- The Washington Times - Tuesday, May 22, 2007

11:54 a.m.

LONDON — Prosecutors today accused a former KGB agent of murder in the radioactive poisoning of fellow ex-operative Alexander Litvinenko and sought his extradition from Russia. The case is sure to challenge already tense relations between London and Moscow.

Andrei Lugovoi met with Mr. Litvinenko at a London hotel hours before the former agent-turned-Kremlin-critic fell ill with polonium-210 poisoning.

Mr. Lugovoi repeatedly has denied any involvement in interviews with the police and the press, and he reiterated that position today.

“I consider that this decision to be political. I did not kill Litvinenko. I have no relation to his death, and I can only express well-founded distrust for the so-called basis of proof collected by British judicial officials,” Mr. Lugovoi was quoted as saying by RIA-Novosti and other agencies.

“Moreover, there has never been either objective or subjective motives for committing what London is charging me with,” Itar-Tass quoted him as saying.

A top deputy to Foreign Secretary Margaret Beckett summoned the Russian ambassador to seek Moscow’s cooperation in the case, but the Russian prosecutor-general’s office said it will not hand over Mr. Lugovoi to British authorities.

“In accordance with Russian law, citizens of Russia cannot be turned over to foreign states,” spokeswoman Marina Gridneva told reporters. However, it would be possible for him to be tried in Russia if evidence were handed over to authorities there, she said.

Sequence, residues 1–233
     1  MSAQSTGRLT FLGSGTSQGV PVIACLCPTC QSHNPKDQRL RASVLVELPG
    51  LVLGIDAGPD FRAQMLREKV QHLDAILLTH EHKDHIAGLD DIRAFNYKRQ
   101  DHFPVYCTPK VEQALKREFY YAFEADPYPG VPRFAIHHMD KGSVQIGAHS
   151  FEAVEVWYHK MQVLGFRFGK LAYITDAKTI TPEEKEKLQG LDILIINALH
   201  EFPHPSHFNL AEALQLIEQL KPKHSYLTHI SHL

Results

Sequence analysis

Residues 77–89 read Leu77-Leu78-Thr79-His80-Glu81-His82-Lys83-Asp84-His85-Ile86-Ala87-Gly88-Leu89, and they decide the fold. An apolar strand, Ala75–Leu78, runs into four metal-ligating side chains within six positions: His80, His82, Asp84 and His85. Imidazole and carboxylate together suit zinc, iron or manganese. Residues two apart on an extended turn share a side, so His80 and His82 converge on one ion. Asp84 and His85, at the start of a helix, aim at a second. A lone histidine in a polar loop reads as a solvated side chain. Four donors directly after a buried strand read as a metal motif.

A lawmaker in Russia’s upper house of parliament, Yuri Sharandin, said he doubted that Russian law prevented such extraditions. He said the European convention allows for such extraditions but that it also gives the country receiving the request the right to refuse. Both Russia and Britain are signatories to the convention.

Formal extradition documents are expected to be handed over later this week, a Foreign Office spokesman said, speaking on condition of anonymity because of government policy.

Speaking from Tokyo, Mrs. Beckett said she strongly hoped that “Britain and Russia could find a solution that would bring justice.”

Mr. Litvinenko, 43, died Nov. 23 after three agonizing weeks in which his hair fell out, his skin turned yellow and his organs failed after he ingested the rare radioactive isotope. On his deathbed, he accused Russian President Vladimir Putin of being behind his killing. The Russian government denies involvement.

Following the poisoning, investigators unearthed a trail of radiation across London, leading to several buildings being cordoned off and also some British Airways flights being grounded for fear of being contaminated by polonium. Health officials also tested hundreds of people for suspected radiation poisoning.

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